Oracle’s applications are often found at the heart of very large organizations. Sageza believes that their acquisition activity has reinforced this dominant position on the technology side and by expanding into key areas such as Human Resources with the PeopleSoft acquisition. GRC is as much a result of policies and procedures as it is technology. Many of the regulations cited in Oracle’s announcement such as JSOX have not been fully developed while others such as the U.S. SOX are often silent on technology guidance. Consequently large organizations are cautioned that there is no simple, single magic solution to GRC.
Sageza applauds Oracle’s efforts in developing GRC applications that are complementary to its core products. As a general rule, we believe that built-in solutions tend to work better than add-ons. However, that is not to say that the built-in is automatically the best, nor is it the optimal solution for every organization. Prospective buyers of GRC software, whether Oracle’s or anyone else’s, are advised to assess their GRC needs first in the context of the corporate governance posture and then determine how IT “solutions” will facilitate the implementation of corporate policies thereby acting as a catalyst for governance. Sageza believes very strongly that compliance is the result of good governance and organizations cannot chase compliance regulations sequentially and hope to succeed. To this end, Oracle’s GRC suite may be a step in the right direction for many users.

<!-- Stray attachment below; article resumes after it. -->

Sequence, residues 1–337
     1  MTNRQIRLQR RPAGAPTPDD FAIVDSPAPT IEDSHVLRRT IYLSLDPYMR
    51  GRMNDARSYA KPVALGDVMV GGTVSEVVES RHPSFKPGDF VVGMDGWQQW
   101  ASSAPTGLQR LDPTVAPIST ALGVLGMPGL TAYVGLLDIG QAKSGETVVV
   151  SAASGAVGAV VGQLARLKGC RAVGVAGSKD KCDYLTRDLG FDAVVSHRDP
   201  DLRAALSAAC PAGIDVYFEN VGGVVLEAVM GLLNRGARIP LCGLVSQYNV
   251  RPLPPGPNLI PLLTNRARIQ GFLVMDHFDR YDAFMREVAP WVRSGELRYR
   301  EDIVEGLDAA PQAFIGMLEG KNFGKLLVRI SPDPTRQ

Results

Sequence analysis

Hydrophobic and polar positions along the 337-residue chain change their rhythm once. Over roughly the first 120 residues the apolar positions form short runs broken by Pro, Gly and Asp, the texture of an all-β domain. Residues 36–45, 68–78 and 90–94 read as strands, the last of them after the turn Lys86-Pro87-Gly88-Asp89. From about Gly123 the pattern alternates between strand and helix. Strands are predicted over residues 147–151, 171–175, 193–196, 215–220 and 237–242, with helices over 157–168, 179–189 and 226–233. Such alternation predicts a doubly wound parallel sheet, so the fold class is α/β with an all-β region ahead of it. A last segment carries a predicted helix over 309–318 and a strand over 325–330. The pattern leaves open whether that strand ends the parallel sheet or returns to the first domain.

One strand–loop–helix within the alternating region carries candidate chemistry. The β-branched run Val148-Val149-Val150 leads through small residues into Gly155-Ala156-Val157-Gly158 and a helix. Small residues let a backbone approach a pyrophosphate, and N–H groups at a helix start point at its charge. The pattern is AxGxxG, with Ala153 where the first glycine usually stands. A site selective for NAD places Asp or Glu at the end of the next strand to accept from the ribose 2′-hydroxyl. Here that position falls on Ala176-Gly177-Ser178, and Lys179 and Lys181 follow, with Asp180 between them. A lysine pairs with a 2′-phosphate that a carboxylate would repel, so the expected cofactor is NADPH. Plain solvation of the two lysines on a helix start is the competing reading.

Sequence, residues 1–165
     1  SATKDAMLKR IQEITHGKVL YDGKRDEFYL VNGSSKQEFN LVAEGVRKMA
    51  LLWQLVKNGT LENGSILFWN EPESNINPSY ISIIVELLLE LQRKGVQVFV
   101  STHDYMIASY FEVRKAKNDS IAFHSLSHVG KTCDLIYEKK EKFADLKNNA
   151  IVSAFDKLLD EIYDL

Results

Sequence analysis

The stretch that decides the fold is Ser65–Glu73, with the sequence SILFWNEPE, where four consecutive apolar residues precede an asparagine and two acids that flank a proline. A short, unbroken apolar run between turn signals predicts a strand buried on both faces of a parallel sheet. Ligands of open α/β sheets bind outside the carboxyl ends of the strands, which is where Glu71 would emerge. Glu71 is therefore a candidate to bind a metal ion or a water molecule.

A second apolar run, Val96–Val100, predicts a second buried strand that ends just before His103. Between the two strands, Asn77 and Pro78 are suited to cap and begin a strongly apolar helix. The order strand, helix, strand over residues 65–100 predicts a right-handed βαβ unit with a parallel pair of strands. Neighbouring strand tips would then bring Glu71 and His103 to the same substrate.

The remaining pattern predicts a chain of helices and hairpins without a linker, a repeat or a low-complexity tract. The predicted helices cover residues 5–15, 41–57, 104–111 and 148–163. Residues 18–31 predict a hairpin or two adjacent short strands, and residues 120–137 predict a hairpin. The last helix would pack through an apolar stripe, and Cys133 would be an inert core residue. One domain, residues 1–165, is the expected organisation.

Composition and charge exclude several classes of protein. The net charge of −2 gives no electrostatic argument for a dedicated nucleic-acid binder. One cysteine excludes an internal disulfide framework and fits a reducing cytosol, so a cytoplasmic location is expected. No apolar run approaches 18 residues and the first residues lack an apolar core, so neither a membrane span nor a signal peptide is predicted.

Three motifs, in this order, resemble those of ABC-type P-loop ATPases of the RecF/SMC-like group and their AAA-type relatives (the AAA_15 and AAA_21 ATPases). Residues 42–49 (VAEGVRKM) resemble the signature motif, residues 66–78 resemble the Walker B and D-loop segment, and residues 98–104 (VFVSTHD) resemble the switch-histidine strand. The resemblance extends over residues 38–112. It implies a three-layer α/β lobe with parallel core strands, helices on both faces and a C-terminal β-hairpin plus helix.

Fujitsu Siemens Computers recently announced a high-availability solution, x10sure, targeted at SMBs with five to fifty Windows-based servers who are seeking a lower-cost high-availability alternative to what is commonly available through virtualization or clustering. x10sure delivers enhanced monitoring and protection for standard Microsoft Windows Server 2003-based server and disk-storage systems through agentless server monitoring and automatic troubleshooting including automated server shutdown and reboot, and simple and automated data protection. Available exclusively through FSC’s VAR network, x10sure employs standard 32-bit and 64-bit PRIMERGY servers running the standard edition of Microsoft Windows Server 2003. A typical configuration consists of PRIMERGY BX600 blade or rack servers: several production servers, a spare/failover server, and one system running the x10sure control software. One spare server is required for an array of productive servers, and in the event of a failure, production systems are back online again within minutes. All are interconnected through a SAN switch using high-speed fibre channel links to a single FibreCAT SX80 fibre channel storage subsystem. The disk-based storage is consolidated by FibreCAT, with x10sure’s server access to disk managed via logical unit number mapping. The most basic configuration consists of a five-server license and is priced at €9,250. x10sure is available immediately in Germany, Belgium, and Finland with wider availability to be announced in April 2007.